My son got me his Topps rookie card one christmas and when I retired my work buddies got me an autographed picture of HK as a Senator. They are proudly framed in my "baseball room"

Nice job by the Lerners and he was a true gentleman.

Anonymous said...

I believe Killebrew was a "bonus baby" which during the late 1940s through most of the 1950s if a club signed a young player to a contract above a certain amount the player had to be kept on the major league roster for a period of time--two years, I believe.

Other bonus babies included Al Kaline and Sandy Koufax were two others.

Anonymous said...

Killebrew hit an upper deck shot at DC Stadium in 1967. I got the ball, and he signed it for me after the game. A great memory. One of the great gentlemen in baseball history. May he rest in peace.

Andrew said...

rmoore446, I think you got that exactly right as it pertained to the old "bonus baby" rule.

Anonymous said...

Good ol' Charmin' Harmon Killebrew ...

For old Nats fans fantasy teams almost always comprised both Killebrew and Howard together in a kind of DC murder's row. Too bad it never happened ... terrible owners that predate Danny Snyder acting as team GM.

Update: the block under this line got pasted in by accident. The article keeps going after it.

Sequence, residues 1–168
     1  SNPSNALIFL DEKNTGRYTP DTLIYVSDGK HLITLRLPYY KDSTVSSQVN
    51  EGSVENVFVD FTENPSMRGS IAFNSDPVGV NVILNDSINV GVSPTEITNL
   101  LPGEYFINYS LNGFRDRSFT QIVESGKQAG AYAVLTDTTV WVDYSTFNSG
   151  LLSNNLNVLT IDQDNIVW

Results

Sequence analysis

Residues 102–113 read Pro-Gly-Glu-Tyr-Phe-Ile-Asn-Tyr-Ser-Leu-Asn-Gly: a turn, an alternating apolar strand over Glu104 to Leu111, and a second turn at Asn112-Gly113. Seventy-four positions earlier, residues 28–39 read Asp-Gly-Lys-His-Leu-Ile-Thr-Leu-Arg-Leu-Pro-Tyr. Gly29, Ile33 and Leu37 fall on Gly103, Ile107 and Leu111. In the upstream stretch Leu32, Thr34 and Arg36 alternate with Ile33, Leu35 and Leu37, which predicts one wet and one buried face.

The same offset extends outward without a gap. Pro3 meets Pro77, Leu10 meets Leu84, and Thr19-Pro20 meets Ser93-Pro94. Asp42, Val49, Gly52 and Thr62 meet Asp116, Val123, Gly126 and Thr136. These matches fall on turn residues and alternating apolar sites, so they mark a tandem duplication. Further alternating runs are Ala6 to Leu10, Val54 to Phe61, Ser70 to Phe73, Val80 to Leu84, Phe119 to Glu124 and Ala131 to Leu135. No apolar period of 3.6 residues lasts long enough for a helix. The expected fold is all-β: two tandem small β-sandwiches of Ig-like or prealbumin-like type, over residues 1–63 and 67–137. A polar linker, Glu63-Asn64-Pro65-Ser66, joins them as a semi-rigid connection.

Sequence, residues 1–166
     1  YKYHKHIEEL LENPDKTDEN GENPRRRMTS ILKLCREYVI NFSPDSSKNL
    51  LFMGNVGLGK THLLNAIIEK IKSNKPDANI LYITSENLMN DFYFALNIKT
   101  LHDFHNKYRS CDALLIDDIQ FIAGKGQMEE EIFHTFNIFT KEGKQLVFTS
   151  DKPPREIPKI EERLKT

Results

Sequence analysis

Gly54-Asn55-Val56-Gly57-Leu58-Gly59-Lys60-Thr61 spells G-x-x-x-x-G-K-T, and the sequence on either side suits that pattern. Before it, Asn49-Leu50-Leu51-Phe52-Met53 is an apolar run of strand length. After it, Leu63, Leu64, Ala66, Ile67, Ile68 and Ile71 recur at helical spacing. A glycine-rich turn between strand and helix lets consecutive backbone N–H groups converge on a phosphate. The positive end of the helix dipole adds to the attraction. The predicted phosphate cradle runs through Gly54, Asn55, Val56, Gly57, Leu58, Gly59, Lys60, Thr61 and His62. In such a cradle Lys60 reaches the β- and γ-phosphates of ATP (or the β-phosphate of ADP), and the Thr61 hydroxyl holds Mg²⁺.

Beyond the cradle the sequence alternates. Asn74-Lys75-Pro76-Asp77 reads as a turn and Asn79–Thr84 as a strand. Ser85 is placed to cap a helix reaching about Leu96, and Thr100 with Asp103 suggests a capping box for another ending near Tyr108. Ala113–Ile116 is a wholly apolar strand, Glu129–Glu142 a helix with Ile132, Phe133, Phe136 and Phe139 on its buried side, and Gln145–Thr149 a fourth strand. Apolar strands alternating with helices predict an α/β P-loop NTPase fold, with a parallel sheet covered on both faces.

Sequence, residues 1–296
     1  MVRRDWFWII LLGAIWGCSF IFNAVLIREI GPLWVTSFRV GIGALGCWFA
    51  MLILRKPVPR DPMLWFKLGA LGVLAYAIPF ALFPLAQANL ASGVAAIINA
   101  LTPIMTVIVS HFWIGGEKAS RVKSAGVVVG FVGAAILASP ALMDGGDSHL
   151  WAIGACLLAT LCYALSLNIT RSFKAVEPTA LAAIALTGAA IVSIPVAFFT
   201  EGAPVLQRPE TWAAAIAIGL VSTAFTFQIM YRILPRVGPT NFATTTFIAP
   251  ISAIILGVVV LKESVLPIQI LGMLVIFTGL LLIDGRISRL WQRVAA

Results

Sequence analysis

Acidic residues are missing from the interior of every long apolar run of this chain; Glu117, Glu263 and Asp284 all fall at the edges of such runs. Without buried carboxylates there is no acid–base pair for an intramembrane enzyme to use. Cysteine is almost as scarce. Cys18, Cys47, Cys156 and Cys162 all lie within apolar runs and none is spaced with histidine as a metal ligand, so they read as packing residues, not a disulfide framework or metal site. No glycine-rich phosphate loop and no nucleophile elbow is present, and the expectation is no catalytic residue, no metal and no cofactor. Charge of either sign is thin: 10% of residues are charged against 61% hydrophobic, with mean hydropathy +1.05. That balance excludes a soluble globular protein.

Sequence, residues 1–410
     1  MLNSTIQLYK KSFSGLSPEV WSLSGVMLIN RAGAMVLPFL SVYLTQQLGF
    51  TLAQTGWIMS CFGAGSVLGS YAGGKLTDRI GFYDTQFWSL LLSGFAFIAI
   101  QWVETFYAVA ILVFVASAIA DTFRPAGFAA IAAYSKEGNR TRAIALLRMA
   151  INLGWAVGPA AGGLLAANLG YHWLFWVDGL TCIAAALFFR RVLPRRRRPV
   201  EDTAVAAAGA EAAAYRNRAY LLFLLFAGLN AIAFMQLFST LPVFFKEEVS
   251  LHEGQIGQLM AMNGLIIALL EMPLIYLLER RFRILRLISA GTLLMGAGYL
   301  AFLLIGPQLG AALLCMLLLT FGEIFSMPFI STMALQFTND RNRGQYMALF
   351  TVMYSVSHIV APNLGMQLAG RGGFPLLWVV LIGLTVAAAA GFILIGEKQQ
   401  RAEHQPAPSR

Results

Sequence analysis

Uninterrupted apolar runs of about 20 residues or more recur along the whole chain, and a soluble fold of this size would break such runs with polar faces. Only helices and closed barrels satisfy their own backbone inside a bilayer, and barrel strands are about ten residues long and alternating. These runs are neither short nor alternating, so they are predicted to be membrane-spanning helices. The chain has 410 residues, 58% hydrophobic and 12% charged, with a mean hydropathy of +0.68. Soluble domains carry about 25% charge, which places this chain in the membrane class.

Great statement by Ted Lerner and so very true.

PWS said...

It was Spring 1954 and Harmon Killebrew attended the opening day festivities for the Annandale Little League. I was 11 and played third base for one of the teams in the league. He signed autographs for everyone and I was ecstatic when he signed my glove. It wasn't many weeks later when the autograph had faded away but the glove always remained special to me as was my fondness for Harmon Killebrew. He wasn't that much older than many of the youngsters playing that day but he towered above us and as the gentleman he was he towered above most in his career. His passing brings true sadness.